High-quality cables are required in various areas of the electric car: In the charging cable from the charging station to the vehicle system and from the charging connection to the battery. Lines finally transport the electricity via the inverter to the electric motor. The internal wiring supplies other high-voltage components, such as air-conditioning compressors or electrical heating, with energy. Electrifying outlook…

Leoni is focusing, in particular, on the high-voltage battery as an energy storage device for electric vehicles and plug-in hybrids. The company concentrates primarily on data and power distribution within high-voltage batteries. “We assume that the HV battery in future vehicles will contain parts of the previously exposed high-voltage cable harness due to its large-area arrangement.” The aim is to offer customers system solutions for battery cabling from a single source. Together with its partner Diehl, the company is working on offering complete solutions. Already established products of both companies in areas such as cabling, connector systems and cell contacting would be combined to form a complete package. This means that sustainable strategies are needed.



Trumpf is also experiencing electric mobility as a growth-promoting driving force. A central role is played by a new laser, the development of which the laser specialist has accelerated in the course of its e-mobility strategy and which, according to the company, is proving to be very suitable for welding copper. Copper is considered to be the most important material for conducting electricity and an electric car would be inconceivable without it. With the new laser, copper can be efficiently welded, for example, for the high-performance electronics of electric cars. “The shift towards electromobility offers great opportunities for German industry,” emphasises Christian Schmitz, Managing Director for Laser Technology at Trumpf. The company expects further growth for its own business as a result of the changes in the automotive industry. Compared to the previous year, the company’s sales of products and solutions that flow directly into electromobility have doubled. “20 per cent of our order intake from the automotive industry now comes from electromobility, twice as much as last year,” Schmitz continued.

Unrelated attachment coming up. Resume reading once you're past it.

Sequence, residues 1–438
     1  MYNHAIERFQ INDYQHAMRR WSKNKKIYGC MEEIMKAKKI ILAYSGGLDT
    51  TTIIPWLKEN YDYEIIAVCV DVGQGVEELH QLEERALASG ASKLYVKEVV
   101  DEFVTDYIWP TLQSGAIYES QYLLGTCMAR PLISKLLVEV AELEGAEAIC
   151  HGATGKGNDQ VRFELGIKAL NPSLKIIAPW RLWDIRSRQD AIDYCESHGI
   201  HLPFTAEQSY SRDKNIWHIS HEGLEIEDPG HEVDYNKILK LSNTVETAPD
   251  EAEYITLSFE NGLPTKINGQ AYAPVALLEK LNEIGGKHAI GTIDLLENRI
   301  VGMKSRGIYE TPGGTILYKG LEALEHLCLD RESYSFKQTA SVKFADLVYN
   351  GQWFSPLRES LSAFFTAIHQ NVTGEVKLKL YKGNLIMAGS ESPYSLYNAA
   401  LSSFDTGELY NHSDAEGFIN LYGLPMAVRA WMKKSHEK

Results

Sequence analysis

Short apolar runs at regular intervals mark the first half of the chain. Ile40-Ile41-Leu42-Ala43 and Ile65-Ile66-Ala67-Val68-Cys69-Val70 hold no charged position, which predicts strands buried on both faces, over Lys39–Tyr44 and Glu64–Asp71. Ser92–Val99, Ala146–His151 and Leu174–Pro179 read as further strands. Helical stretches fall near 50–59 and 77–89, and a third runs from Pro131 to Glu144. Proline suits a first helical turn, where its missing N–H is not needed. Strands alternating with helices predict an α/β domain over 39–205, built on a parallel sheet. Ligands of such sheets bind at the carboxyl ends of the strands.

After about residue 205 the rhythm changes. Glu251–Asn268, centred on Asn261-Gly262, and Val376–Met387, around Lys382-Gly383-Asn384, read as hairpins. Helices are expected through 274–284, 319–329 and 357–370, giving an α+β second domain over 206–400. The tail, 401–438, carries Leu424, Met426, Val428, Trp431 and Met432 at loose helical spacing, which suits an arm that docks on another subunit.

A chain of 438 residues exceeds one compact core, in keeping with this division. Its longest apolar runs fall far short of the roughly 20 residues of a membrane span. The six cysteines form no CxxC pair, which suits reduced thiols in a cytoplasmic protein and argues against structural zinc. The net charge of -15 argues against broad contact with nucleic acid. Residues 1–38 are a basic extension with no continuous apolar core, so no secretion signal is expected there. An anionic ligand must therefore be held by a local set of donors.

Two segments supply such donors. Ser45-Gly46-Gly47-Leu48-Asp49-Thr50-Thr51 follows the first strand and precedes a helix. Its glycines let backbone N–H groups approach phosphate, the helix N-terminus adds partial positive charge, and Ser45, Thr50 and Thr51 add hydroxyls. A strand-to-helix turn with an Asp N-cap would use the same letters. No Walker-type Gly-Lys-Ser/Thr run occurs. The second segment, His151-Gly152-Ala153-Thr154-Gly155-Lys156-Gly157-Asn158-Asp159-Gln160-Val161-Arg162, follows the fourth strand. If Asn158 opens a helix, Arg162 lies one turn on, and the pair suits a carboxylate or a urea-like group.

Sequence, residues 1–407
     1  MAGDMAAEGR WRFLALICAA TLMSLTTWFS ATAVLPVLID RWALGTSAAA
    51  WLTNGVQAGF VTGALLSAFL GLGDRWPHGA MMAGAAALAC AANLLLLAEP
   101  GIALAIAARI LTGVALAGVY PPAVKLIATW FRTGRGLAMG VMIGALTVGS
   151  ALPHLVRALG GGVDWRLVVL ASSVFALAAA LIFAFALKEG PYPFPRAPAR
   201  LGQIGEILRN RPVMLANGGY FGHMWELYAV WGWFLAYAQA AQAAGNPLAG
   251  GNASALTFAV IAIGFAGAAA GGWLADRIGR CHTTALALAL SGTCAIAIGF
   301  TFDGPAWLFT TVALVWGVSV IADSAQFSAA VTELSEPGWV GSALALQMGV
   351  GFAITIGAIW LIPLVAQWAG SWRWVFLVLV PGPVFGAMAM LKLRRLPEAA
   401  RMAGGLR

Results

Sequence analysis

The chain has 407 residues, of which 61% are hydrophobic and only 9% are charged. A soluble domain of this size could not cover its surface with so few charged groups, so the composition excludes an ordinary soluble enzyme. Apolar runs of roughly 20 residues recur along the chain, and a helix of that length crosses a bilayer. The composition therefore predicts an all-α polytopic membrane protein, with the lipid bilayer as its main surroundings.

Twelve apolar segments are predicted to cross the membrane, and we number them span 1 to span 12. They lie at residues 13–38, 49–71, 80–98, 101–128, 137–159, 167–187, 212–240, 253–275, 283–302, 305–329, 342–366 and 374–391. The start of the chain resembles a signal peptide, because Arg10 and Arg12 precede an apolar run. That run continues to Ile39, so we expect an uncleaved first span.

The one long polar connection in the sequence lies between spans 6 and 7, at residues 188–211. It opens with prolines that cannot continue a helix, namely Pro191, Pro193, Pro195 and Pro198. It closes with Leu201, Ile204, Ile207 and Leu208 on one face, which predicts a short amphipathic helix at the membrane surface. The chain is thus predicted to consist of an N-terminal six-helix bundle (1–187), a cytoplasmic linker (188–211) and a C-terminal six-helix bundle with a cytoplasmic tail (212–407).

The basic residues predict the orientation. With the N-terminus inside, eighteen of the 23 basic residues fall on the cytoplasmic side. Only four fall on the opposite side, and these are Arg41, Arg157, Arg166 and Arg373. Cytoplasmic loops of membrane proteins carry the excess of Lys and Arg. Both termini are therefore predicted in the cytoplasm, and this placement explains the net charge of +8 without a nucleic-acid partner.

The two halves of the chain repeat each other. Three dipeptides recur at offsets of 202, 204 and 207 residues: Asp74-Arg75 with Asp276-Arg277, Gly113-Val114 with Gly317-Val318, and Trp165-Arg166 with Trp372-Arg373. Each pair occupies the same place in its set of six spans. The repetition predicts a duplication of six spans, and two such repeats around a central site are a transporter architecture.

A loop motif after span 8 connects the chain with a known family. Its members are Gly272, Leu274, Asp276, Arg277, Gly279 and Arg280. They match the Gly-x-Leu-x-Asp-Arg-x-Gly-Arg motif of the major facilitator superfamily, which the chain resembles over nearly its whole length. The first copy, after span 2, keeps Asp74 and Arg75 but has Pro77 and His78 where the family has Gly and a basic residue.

Changing times require flexible suppliers – the right curve position is crucial. You must bear in mind that the exhaust gas and fuel system, the combustion engine and the low-voltage vehicle electrical system are not required for the less complex electric drive. Instead, they must adapt to electric motors, cooling systems for electronics and batteries, chargers, a high-voltage electrical system and a PTC heater – components that sometimes require high-performance wires and cables to prevent vehicles from stuttering.


The changes associated with the switch from combustion to electric vehicle technology are therefore fundamental and affect products and processes. “Competencies such as blow moulding, pipe extrusion and machining technology are also becoming less important, while processes such as winding processes and forming techniques for parts made of aluminium and magnesium are gaining in importance,” explains the VDA. In order to continue on the road to success, the wire and cable industry must therefore flexibly steer in the right direction. Then it will head full speed towards high profits.